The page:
Our identities are not something that we can control entirely. As the sociologist Zygmunt Bauman professes, identity is not a solid concept but instead a liquid one. What this means is that our identities are forever changing rather than stagnant; like water flowing over our hand rather than a brick that we can grasp. In addition, our identities are often dependent on who we are interacting with. They’re based on what other people see in us. It began to feel that the identity they had created for me was based entirely on drinking and I began to wonder whether that was all we had in common. Suddenly, I would find myself feeling uncomfortable around people that I considered to be my friends. I felt self-conscious about not drinking and I wondered whether their aggressive behavior was a result of them feeling self-conscious about their own drinking. My decision to not drink one particular evening became something that I would have to compensate them for later by drinking far more some other evening. My identity truly was liquid but that liquid was alcohol.

What I want to stress here is that this is not an anti-drinking article. In fact, since beginning this article, I’ve already consumed alcohol again. Like many in Finland, I enjoy alcohol. There’s nothing like a nice glass of wine to go with a good meal. I’m not against alcohol. What I’m against is this carelessly casual manner with which alcohol is often treated and, even more so, I’m against this antagonistic peer pressure to drink. Frankly, fully realizing that peer pressure to drink actually exists among adults was disappointing, if unsurprising.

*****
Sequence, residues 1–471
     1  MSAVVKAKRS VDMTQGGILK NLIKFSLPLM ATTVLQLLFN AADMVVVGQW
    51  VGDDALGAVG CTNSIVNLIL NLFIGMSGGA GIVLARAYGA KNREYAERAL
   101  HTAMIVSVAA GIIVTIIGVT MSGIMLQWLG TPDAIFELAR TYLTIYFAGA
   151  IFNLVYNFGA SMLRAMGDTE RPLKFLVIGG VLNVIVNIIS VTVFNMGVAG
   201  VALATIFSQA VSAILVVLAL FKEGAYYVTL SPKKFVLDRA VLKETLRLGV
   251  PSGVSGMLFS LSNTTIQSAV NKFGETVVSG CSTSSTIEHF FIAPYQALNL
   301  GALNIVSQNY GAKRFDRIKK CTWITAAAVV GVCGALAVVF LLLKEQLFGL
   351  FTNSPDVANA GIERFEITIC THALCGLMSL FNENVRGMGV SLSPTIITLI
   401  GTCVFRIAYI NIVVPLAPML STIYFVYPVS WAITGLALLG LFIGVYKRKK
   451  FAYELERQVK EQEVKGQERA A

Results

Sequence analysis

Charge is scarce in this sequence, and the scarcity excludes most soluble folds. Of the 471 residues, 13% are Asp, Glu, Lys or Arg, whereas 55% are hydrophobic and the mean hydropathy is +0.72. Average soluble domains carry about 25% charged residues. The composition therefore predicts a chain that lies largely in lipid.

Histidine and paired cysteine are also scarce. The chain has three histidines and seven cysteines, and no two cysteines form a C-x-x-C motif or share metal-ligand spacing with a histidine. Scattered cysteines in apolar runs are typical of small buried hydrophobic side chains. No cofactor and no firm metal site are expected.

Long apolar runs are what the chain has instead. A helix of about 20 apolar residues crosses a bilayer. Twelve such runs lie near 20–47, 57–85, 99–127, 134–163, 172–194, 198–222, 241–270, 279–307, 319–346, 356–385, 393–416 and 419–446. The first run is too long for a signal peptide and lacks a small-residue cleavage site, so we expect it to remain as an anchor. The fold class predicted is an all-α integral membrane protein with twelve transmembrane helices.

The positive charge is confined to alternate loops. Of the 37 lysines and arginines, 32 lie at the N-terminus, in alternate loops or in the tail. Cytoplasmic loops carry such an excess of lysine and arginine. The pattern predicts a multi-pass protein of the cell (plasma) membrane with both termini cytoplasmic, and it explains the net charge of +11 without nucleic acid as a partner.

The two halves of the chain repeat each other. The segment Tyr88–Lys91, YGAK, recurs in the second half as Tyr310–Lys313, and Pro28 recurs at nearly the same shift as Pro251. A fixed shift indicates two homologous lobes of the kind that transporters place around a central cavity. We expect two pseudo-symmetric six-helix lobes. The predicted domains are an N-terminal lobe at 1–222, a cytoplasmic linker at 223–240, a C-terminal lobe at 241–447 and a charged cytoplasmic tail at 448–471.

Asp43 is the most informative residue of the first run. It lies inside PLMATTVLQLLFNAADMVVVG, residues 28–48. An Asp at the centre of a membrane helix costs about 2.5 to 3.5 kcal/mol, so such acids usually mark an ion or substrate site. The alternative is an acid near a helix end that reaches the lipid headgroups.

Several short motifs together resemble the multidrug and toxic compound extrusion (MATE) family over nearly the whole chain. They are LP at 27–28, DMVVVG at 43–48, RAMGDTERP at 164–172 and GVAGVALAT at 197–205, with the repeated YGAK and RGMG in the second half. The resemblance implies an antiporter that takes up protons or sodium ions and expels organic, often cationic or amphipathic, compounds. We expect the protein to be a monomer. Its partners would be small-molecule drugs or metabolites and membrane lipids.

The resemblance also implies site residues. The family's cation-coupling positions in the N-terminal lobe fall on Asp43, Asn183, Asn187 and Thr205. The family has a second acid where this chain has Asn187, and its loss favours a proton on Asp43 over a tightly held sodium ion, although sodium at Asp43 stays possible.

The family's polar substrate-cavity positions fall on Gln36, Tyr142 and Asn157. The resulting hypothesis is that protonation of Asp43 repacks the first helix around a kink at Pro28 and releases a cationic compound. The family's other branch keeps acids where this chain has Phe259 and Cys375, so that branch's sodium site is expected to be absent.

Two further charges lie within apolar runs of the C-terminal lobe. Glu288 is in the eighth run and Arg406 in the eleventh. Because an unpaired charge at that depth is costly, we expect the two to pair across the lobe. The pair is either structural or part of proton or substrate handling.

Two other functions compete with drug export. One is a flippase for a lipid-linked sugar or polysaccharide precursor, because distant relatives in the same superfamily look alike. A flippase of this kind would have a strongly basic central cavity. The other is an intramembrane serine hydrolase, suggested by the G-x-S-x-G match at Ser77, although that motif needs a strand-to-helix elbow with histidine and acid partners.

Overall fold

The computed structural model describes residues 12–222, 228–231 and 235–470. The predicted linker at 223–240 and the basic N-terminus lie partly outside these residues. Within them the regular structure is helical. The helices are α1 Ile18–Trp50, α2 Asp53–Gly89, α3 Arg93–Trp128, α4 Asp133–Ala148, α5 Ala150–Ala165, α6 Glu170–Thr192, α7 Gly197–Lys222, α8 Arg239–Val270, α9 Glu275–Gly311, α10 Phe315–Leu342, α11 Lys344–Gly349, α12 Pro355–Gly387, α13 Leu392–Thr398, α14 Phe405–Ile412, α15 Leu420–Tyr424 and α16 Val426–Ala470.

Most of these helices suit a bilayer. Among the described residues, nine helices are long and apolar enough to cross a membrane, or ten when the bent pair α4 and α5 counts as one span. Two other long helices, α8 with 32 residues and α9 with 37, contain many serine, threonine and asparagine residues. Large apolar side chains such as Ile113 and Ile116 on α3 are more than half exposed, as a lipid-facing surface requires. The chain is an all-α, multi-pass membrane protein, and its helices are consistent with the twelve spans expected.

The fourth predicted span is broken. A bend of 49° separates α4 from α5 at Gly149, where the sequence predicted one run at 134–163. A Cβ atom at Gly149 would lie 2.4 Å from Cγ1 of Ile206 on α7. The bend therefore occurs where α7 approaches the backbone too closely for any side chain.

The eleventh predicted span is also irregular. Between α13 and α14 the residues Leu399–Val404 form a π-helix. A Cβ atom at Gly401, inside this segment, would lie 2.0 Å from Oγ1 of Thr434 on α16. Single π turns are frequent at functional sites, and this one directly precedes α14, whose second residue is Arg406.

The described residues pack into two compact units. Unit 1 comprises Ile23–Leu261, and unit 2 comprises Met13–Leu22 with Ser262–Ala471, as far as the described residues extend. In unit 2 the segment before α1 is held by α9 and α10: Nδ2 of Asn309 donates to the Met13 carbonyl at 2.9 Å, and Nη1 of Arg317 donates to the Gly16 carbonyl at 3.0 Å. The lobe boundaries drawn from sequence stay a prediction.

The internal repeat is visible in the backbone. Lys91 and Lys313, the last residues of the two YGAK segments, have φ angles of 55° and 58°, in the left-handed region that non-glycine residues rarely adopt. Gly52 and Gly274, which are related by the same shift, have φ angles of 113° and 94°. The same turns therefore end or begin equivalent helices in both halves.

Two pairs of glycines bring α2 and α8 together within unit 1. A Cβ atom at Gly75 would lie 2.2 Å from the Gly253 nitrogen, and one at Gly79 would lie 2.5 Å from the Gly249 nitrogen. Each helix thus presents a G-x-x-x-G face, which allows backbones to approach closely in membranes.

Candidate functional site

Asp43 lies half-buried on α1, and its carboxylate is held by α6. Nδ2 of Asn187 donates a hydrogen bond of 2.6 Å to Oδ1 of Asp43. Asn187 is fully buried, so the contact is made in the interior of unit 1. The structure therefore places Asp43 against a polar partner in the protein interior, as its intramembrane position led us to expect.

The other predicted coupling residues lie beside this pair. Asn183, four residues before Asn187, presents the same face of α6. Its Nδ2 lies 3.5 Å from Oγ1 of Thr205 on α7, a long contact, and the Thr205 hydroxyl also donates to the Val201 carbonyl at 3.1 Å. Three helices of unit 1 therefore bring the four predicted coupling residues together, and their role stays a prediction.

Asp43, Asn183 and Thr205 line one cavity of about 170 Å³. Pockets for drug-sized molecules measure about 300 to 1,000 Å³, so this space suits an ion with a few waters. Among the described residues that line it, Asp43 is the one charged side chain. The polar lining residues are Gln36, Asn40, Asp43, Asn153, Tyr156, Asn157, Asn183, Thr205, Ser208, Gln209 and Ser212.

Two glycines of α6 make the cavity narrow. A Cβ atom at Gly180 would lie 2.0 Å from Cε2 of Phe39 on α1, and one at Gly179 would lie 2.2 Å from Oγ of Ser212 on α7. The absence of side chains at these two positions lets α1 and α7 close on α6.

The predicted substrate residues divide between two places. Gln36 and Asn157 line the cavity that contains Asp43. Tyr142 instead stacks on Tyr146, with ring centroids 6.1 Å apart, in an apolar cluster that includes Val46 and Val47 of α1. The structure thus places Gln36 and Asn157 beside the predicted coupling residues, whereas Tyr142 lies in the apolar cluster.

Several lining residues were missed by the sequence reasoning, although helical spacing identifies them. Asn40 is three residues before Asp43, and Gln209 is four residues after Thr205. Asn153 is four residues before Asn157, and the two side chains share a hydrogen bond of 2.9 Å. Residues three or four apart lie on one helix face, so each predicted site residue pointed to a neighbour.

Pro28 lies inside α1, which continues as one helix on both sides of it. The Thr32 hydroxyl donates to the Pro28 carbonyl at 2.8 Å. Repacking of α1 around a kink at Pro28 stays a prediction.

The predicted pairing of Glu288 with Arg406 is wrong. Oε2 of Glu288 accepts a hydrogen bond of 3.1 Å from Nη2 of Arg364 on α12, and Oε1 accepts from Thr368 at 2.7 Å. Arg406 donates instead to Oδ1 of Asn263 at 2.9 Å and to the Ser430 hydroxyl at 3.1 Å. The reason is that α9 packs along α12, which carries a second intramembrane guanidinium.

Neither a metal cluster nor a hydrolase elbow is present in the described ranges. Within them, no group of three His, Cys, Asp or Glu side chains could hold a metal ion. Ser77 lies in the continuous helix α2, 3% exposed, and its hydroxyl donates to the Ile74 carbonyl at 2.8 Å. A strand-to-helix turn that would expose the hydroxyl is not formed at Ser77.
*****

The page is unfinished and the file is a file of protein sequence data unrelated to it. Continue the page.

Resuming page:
Excessive alcohol use is a joke in Finland. I don’t mean that it’s not a serious issue. What I mean is that we joke about it all of the time when it’s something that should be taken more seriously. For me, alcohol can be a source of social and creative energy. It can allow me to experience the world in unique ways. It can also simply be a hell of a way to cut loose sometimes. It’s ok to go nuts every now and then! Sometimes we need to lose control in order to later make sense of this world. At the same time, we can’t ignore the ugly underbelly of alcohol. You don’t have to walk far in Finland before you see a completely and utterly intoxicated person speaking as if they have brain damage. There comes a point when making sense of the world is not simply impossible, but it’s also not even attempted. Honestly, I don’t know what the solution is. I’m against prohibition or censorship. I don’t think getting rid of alcohol will get to the root of the problem. People will find a substitute. However, I do encourage people to generally take a step back from drinking. Try and think about it.

My break lasted about a month which, in the grand scheme of things, might not seem like a long time but it is, by far, the longest break I’ve had from alcohol in years. I grant that it wasn’t nearly enough time to have a proper revelation about alcohol but I counter that this thought process is still a work-in-progress. At the very least, it’s a thought process that has finally begun.

When Cobb and the nameless protagonist in Following root around the apartment, Cobb justifies his actions as motivating his victims to think. “Like when they go back and buy all of this stuff from the shelves with insurance money,” he says, “they’ll have to think for the first time in a long time why they wanted all of this stuff, what it’s for. You take it away, you show them what they had.”

As for me, I’ll try to think while I drink.

Source: Bauman, Zygmunt, and Benedetto Vecchi. Identity: Conversations with Benedetto Vecchi. Cambridge, UK: Polity, 2004. Print.